I posted an image similar to this one a few days ago; the difference being that this riparian view includes a bit more sky and less of the water in the foreground. For those interested in discussions of photographic equipment, I took this with Nikon’s 24-70, rather than with the 14-24 which I had in my pack, because the former accepts screw-on filters while the latter does not, and this very bright scene called for the use of a circular polarizer. The maximum angle of view for the 14-24 is 114º while that of the 24-70 is just 84º. Because I had the slope of a steep river bank behind me, I couldn’t back up. What was I to do … capture a wide, fairly washed out image with glare in the trees and on the water … or a more narrow view with good rendition? I opted for the latter. I have been scouring the internet for reviews of two other Nikon lenses, the 16-35 f/4G and the 17-35 f/2.8D, both of which accept screw-type filters. I almost ordered the latter yesterday but held off. Today, I am leaning toward the 16-35. The 17-35 is more heavily built and, at 2.8, is a faster lens. The 16-35 is lighter, because of a number of plastic components, and not quite as fast. Ken Rockwell likes both lenses, regards the 16-35 as quite sharp but showing some distortion at 16 mm, and reports that the 17-35 is, at times, soft in the corners. From what I can gather, the 17-35 is a lens for professionals for its speed and quality construction, while the 16-35 is a newer, sharper lens, made for less demanding conditions. Another photographer, Robert Rhead, compared these lenses and concluded, in favor of the 16-35, that he could deal with a bit of distortion at 16 mm and liked the sharpness and lower price tag of that lens. If anyone out there has an informed opinion, I’d be glad to hear it … soon!Creek2

Retrospective twenty-one (November 2013)

Given the way in which blogs are presented, I am convinced that posts which reside more than a scroll or two behind the most recent are doomed to languish and to be forgotten. Because I believe there is value in looking at contributions from days, weeks, and even months ago, I present here a gallery of images presented during November of 2013. Perhaps it will be interesting to scroll through these and to compare them to those presented during this past month. Be patient, it may take several minutes for all of the images to load fully. Hovering over an image will reveal its title. Clicking one will take you to a carousel view and you can either move through the collection or click the links to read each post in its original form. Note that this is the twenty-first in my series of retrospective posts. You may find interest in taking a look at the retrospective from a year ago and if you missed any of the others, you can find them all by clicking Retrospective in the tag cloud in the sidebar. Postscript: As I look over these images I can only suppose that our Pennsylvania weather was not all that conducive to fine photographs last year. Only three of these images are mine.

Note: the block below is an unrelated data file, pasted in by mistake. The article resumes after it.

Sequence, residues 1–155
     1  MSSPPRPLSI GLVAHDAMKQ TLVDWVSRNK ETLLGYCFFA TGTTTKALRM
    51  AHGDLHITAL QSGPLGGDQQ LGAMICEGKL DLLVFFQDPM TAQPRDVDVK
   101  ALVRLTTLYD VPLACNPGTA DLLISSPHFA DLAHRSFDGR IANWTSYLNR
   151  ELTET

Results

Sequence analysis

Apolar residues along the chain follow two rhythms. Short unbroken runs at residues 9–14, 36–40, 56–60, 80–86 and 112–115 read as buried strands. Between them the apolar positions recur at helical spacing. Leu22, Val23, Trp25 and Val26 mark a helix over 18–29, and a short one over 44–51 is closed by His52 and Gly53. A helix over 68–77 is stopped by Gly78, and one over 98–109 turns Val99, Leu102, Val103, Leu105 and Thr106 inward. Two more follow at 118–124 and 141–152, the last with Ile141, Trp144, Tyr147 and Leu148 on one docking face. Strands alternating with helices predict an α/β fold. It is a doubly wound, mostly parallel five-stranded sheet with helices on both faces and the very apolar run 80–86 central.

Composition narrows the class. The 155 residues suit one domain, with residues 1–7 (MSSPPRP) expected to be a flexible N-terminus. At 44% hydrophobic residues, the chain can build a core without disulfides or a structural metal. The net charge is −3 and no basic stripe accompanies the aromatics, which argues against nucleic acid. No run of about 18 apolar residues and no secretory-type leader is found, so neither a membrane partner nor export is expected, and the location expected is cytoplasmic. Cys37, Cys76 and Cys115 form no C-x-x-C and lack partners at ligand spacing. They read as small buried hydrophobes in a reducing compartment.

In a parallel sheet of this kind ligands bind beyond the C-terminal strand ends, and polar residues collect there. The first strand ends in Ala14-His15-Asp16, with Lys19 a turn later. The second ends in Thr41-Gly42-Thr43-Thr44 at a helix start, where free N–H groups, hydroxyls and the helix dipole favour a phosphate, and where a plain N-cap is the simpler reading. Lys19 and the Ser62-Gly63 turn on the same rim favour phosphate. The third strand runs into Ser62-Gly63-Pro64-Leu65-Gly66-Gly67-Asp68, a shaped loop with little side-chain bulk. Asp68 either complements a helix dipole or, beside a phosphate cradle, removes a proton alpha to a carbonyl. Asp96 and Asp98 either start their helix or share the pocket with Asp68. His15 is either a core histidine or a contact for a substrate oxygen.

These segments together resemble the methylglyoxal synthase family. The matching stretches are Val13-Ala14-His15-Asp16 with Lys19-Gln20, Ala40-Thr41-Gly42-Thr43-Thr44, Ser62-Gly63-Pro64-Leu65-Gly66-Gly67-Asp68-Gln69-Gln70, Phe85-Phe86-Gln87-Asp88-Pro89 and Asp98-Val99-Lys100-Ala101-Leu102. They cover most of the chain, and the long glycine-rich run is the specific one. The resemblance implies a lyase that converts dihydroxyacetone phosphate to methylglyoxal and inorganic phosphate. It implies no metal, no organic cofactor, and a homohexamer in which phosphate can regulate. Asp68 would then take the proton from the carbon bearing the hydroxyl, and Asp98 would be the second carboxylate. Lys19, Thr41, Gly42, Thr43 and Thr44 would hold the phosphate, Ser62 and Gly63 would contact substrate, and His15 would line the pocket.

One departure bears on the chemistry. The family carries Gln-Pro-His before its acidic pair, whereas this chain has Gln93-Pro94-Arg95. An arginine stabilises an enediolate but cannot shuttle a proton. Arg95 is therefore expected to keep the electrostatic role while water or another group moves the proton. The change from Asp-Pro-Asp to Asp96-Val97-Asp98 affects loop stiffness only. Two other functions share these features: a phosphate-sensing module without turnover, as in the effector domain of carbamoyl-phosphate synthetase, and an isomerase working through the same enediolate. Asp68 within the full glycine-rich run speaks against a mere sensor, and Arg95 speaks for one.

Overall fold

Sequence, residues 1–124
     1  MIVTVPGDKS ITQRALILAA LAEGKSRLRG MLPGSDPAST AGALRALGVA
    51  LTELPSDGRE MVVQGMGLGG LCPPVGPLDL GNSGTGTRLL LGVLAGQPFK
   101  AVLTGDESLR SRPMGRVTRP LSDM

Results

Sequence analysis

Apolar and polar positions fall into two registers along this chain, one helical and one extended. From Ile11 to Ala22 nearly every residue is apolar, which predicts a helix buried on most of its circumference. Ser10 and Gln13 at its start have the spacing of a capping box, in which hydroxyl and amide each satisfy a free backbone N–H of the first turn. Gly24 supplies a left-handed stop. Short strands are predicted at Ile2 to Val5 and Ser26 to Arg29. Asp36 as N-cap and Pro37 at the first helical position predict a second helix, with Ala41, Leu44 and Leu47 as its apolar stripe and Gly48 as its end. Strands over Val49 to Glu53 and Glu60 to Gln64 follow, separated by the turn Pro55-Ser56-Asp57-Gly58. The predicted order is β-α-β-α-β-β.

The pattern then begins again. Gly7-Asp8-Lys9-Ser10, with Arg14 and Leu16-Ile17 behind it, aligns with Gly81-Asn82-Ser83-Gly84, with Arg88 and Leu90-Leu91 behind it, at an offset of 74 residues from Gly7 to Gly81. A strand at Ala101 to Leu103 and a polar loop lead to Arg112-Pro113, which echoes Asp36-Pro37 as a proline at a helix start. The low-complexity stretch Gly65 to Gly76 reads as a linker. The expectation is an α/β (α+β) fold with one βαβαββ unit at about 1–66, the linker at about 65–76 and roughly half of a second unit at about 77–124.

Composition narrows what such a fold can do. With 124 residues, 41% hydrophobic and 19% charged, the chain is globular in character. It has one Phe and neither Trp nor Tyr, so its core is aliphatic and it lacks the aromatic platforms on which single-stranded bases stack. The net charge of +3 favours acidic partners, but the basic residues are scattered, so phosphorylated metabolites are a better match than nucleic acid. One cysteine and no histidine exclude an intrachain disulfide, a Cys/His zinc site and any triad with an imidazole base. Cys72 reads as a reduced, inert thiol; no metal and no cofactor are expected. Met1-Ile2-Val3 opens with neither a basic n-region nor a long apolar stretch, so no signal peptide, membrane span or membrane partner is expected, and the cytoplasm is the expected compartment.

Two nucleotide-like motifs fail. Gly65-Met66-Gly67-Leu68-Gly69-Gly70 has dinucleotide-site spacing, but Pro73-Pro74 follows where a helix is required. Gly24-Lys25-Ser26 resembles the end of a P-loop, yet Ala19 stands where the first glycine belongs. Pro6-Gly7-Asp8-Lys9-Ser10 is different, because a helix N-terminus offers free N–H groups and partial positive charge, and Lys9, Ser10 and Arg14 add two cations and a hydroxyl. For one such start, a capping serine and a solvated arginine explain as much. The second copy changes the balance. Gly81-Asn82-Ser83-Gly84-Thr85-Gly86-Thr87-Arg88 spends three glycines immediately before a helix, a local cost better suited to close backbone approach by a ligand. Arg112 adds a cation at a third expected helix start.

Life is an oscillator

We felt the need to stretch our legs so walked the rail trail, north from Waterville. The afternoon was accompanied by a few broken clouds and the waning sunlight was sufficient to illuminate a number of Sycamores which formed a promenade along a low point in the riparian slope. Water reflected a number of trunks such that they, along with their seconds, formed something of a tunnel leading toward the Pine Creek Gorge. As I look at this image I get a real sense of movement. Of circles. And, given the time of year, perhaps that is appropriate. Though the Solstice is upon us, I will not discuss the tilt of the earth, the cycles of the seasons, or cycles of birth and death. How about my old hobby-horse which argues, Life is an Oscillator? I don’t know whether the saying is unique to me but I do know that the adage is universally experienced if not universally stated using just these words. I have always observed that one would be seriously mistaken to assume that our lives should mirror those of characters depicted in the movies. Have you ever noticed that those folks never go shopping, never have the need for a plumber’s helper, and never get flat tires or splinters? Life in the movies is replete with luxury cars, paid rent, beautiful teeth, and deep pockets. The real lives of real people aren’t anything like that for real life includes, for many of us, cars in need of repair, overdue rent, root canals, and maxed-out credit cards. Real life, as it is experienced by most of us has ups and downs. The ups are wonderful, to be sure. The fact which is lost to most folks however, is that the downs are every bit as expected. And here is where one of many problems with pop culture may lie. Most think that negative oscillations are not right, abnormal, or otherwise indicative of the fact that you’ve not tried hard enough or have done something wrong. Surely, no one likes the negative oscillations of life but, I repeat, they should be every bit as expected as the much-anticipated positive ones. And, perhaps, overcoming negative oscillations is the only way to experience the good life, in its best sense. I think it is fair to hope that in the long haul, and on all time scales, our lives will be a break-even proposition or, in the best of lucky circumstances, slightly above that axis defined by Positive – Negative = 0. Maintaining or even exceeding that breakeven, over extended periods, is difficult work but those in possession of personalities which are capable of turning negatives into positives are that much more likely to reach that upper, right-hand, quadrant.